Apple Culture

A Baker’s Dozen of New Apple Varieties

Breeze. Aromatic, sweet and very crisp, this New Zealand-originated variety has a solid pink-red blush over a yellow background. “Our first commercial volume of Washington grown Breeze apples will be available as of August, and we’re looking at around 40,000 boxes,” says Chuck Sinks, president of sales and marketing for Sage Fruit Company in Yakima, WA.

Cosmic Crisp. A cross between Honeycrisp and Enterprise, this large, juicy, crisp-textured apple has been widely planted in Washington, says Mac Riggan, marketing director for Chelan Fresh Marketing in Chelan, WA. “We’ll have about 25 bins this season and promotional volume in the next two years.”

Juici. Sweet-tart in flavor and crunchy in texture, this Honeycrisp-Braeburn cross is expected to reach production of 500,000 boxes in the next five years, says Scott Marboe, director of marketing for Oneonta Starr Ranch Growers in Wenatchee, WA.

Koru. The first U.S. plantings of this sweet New Zealand variety, whose parents are Fuji and Braeburn, will be available in limited supplies this fall, according to Oneonta’s Marboe. Domestic production is expected to reach 1 million boxes in the next three years.

Opal. This yellow-skinned cross between Golden Delicious and Topaz is in its fifth year of marketing and expected to hit 1 million cases this season. It is currently available from mid-October to mid-June, but is expected year-round within the next two years. “The Opal may replace the Golden Delicious,” says Chuck Zeutenhorst, general manager for FirstFruits Marketing of Washington, Prescott, WA.

Pazazz. First introduced five years ago, this Honeycrisp offspring is grown in Washington, Minnesota, New York and Nova Scotia, Canada, and offers great storability. “We expect more than a quarter-million cases this year, a half-million next year with a target for us at 2 million cases,” says Don Roper, vice president and director of sales and marketing for Honeybear Marketing, a subsidiary of Wescott Agri Products in Elgin, MN.

Rave. A July harvest makes this University of Minnesota cross between a Honeycrisp and MonArk the first to harvest in Washington. “Super early for back-to-school promotions and very juicy is the marketing niche,” says Roger Pepperl, director of marketing for Wenatchee, WA-based Stemilt Growers, which expects to have more than 80,000 cartons of Rave apples next season.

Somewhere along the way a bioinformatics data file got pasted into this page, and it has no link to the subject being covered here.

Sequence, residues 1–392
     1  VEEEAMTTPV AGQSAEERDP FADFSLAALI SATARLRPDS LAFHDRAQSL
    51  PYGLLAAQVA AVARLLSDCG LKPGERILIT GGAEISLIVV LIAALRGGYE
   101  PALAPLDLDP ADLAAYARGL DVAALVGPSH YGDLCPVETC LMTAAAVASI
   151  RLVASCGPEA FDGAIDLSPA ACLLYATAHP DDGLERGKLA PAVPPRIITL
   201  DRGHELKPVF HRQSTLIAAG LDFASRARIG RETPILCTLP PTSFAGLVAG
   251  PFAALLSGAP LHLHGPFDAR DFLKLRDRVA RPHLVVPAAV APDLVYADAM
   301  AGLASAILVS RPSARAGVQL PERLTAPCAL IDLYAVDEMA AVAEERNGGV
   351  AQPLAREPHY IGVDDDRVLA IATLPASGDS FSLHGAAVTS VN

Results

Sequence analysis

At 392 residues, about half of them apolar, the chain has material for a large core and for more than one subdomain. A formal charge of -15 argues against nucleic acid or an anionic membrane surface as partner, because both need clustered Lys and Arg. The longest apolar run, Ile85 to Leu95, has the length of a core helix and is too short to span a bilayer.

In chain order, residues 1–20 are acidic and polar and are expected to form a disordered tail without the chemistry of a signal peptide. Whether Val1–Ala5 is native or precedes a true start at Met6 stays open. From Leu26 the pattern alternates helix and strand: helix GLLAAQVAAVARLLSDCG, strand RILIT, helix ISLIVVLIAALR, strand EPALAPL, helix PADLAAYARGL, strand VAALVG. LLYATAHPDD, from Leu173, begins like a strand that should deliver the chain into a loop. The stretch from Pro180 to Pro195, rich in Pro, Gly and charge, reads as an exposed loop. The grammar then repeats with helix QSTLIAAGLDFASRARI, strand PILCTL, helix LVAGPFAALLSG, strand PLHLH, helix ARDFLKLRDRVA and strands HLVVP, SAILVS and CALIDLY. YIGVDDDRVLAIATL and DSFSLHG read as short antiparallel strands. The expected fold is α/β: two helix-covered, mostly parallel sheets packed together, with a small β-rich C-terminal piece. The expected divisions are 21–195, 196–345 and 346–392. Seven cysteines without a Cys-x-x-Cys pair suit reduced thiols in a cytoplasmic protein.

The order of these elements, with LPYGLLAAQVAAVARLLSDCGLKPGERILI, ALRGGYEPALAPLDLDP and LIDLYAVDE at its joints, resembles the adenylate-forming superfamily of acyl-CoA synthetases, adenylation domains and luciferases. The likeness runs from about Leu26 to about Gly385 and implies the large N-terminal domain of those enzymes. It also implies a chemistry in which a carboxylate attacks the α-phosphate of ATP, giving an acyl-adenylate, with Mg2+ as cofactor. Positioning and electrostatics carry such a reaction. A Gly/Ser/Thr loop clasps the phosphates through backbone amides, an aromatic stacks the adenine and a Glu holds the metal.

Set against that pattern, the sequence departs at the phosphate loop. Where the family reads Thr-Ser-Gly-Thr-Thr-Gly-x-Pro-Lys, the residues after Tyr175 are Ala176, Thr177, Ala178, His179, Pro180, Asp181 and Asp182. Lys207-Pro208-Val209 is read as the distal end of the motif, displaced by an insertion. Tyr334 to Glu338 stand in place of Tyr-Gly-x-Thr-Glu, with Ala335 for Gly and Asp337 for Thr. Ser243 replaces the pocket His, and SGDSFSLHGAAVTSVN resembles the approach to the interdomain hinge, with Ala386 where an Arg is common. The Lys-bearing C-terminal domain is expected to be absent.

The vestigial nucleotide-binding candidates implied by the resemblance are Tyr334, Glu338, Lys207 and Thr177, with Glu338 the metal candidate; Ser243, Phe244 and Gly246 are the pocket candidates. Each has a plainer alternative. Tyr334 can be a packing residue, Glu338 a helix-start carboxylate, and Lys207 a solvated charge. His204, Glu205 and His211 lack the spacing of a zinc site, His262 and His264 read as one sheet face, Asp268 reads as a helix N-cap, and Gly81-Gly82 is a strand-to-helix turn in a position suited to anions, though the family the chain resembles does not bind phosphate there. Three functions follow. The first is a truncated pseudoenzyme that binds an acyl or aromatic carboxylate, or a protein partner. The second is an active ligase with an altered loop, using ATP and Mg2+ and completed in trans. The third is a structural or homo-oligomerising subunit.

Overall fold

RiverBelle. Released on a regional basis to fill the late August, early September marketing window in the Midwest, according to Honeybear’s Roper, this Wisconsin-developed crisp, juicy bi-color apple boasts Honeycrisp parentage.

RubyFrost. Previously known as New York 2, this Cornell University variety harvests in October and is in its second year of commercial marketing. Attributes include non-browning, large size, burgundy color and firm texture suitable to last in cold storage, according to Rena Montedoro, director of marketing for Crunch Time Apple Growers in Wolcott, NY, a cooperative of 145 growers in the state that grow this variety and SnapDragon, another Cornell variety.

SnapDragon. This crunchy apple developed at Cornell University and previously called New York 1, harvests in late September and peaks on size 88s and 100s. “This is our third year of commercial production and the crop is growing exponentially,” says Montedoro.

SugarBee. A cross between Honeycrisp and an unknown variety, this sweet crispy red-skinned variety packs well, stores well and is large-sized, according to Chelan Fresh’s Riggan. “We expect 14,000 boxes this year with greater supplies within the next two years.”

Sweet Cheeks. A proprietary variety to the Hess Bros. Fruit Co in Leola, PA, this Honeycrisp-Pink Lady cross is extremely crunchy with a balanced sweet-tart profile, according to Andy Figart, sales manager. The company is starting with a small volume; commercial availability will be January 2018.

Sweetie. A cross between Gala and Braeburn, FirstFruits Marketing’s Zeutenhorst forecasts 100,000 to 125,000 cases this year, available from early September to December. Organic will be available in the future, he says.